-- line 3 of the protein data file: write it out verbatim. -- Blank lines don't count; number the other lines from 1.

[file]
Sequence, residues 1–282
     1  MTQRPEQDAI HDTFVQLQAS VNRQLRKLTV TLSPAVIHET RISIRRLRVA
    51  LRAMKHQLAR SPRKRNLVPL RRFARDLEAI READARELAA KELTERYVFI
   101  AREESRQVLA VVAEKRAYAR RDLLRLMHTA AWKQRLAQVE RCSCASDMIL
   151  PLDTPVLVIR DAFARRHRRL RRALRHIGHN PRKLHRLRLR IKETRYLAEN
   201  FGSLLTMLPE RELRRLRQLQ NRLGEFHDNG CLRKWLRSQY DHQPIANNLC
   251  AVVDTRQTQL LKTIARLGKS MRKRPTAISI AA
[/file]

    51  LRAMKHQLAR SPRKRNLVPL RRFARDLEAI READARELAA KELTERYVFI